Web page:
If you see one thing: Forget Taipei 101 (Taipei’s famous cloud-scraping tower and the world’s largest building from 2004 to 2010) dive into nature with Yushan National Park and soak in the vistas from Taiwan’s highest peak. The mountains on this island are seriously worthy of the hype.
Best Time to Visit: To avoid the hot and humid touristy season (July-August), the best times to visit are either April to June or September to November. Taipei’s world-famous Pride parade is usually held in October.
Insider Tip: Rainbow Family Village is a bit out of the way, but worth it for the ‘gram. Grampa Rainbow, as he’s affectionately called, began painting his military village a little bit day by day, creating an adorably cartoonish attraction.
A smaller and more affordable Egypt, Jordan is a winner if you’re looking for sparse red deserts, exposed rock formations and Bedouin encounters. Plus, it’s got not one, but five UNESCO World Heritage Sites and is only a short flight from the UK. And it’s been the setting for a number of big Hollywood movies. If it’s got enough adventure for Indiana Jones, it’s got enough for us!
Trek the Petra ruins, dive the Red Sea and explore its capital, Amman, in a week for less than £650 with a G Adventures tour.
If you see one thing: Petra. We know, it’s not exactly a shocker. The treasury is thought to have been a mausoleum for a king in 1 AD, but the local Bedouin people believed there are untold treasures hidden inside.
Best Time to Visit: March to May is when the temperatures tend to hang around the high teens, whereas the temperature can plummet in the evening after a 32-degree day in the summer. Talk about your hot and cold!
Insider Tip: Floating in the Dead Sea is one of those bizarre experiences that you need to feel for yourself. The lowest of the low, this stretch of blue water will be a welcome change from the red desert. If only if it was this easy to swim in every ocean…
7. South Africa
Lions and leopards and rhinos… oh my. Don’t forget about elephants and buffalo too. These are known as the Big Five, and South Africa’s Kruger National Park is one of the best places on the continent to see these guys in action. This country screams adventure as you can go surfing on the Eastern Cape Coast and bungee jumping off the Garden Route’s Bloukrans Bridge. Want something a little less adrenaline-fuelled? The hiking around Cape Town is something special (we’re looking at you, Table Mountain) and you can swim with gentle whale sharks in Sodwana Bay.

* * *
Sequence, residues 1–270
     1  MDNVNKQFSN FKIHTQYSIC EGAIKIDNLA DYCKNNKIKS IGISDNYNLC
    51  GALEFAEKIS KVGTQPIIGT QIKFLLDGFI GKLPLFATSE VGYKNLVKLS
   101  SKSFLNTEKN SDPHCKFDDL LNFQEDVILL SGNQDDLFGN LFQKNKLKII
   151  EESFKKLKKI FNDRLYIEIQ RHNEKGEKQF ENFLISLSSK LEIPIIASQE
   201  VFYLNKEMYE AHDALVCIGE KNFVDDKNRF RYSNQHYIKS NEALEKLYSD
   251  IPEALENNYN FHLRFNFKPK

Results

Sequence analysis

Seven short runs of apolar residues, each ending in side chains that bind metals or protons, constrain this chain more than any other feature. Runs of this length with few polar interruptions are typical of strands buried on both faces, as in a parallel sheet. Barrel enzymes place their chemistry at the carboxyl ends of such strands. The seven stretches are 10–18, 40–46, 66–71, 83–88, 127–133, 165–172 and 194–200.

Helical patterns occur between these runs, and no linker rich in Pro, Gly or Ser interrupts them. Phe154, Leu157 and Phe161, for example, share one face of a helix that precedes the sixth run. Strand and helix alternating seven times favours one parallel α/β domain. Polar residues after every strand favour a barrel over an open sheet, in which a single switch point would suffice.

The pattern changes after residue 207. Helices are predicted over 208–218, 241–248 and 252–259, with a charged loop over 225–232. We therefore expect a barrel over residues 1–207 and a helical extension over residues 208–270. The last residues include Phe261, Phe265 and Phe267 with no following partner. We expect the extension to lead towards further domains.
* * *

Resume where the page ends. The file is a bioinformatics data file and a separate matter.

If you see one thing: Cape Town is a city tucked between mountains and ocean. After a night out in the comedy scene that gave the world Trevor Noah, pop out the next morning to greet the local penguins and haul yourself up the incredible Lions Head mountain.
Best Time to Visit: May to September is the dry season when animals congregate around watering holes, making for class wildlife spotting.
Insider Tip: If you swing by after the winter rainfall, Namaqualand springs to life with sweeping orange wildflowers. This only happens once a year, but if the fates don’t align, the national park is still stunning in August and September.
So you want the Italian Alps and classic German forests? Slovenia is your answer, and it’s a helluva lot cheaper. More than half of the country is still covered in trees, but let’s talk castles. Ljubljana is a gorgeous and quintessentially European town with a castle proudly looming over it. But if you want something a little less urban, look no further than Predjama Castle – it’s built into a cave in a classical Renaissance style. As if the fairytale vibes weren’t enough, the king there was also known to be quite the Robin Hood.
Slovenia is also home to the Planica Nordic Center, which boasts the biggest ski jumping hill in the world. Not keen on skiing? The centre also has a wind tunnel, cycling paths and a zip line – it’s the steepest in the world and (safely) gives you the sensation of being a ski jumper.
If you see one thing: Lake Bled is framed by mountains, rimmed by forest and dotted with picturesque little churches that are reflected in the clear waters. Jump in for a paddleboard or go for a leisurely walk along the shore.
Best Time to Visit: May to September is dry and ideal for hiking. But if it’s snow you’re after, go between December and March.
Insider Tip: Velika Planina is a Nordic Middle-Earth with grassy plains stretched over lazy rolling hills. A pasture plateau at 1,666m above sea level, it’s like hiking through heaven.
Bulgaria is most commonly known for its cheap but snow-laden ski resorts, including Bansko, Borovets and Pamporovo. But if you’re also on the lookout for a European bargain beach break, you’ll also find it on the golden beaches along Bulgaria’s Black Sea Coast.
New on Europe’s hipster radar is Sofia, where an emerging food, cocktail and street art scene should mean it shoots to the top of your weekend break list for 2020. Although in your search for jam jar cocktails, don’t forget about the old-time treasures, such as The Alexander Nevsky Cathedral and the Square of Religious Tolerance.
If you see one thing: The Belogradchik Rocks are towers of red rock with a fortress perched on top. It’s hard to know if the view is better from the top or bottom—might as well do both!
Best Time to Visit: The shoulder seasons are from April to May and September to October. The windows may seem small, but you’ll have sights to yourself and the prices of tourist attractions are lower.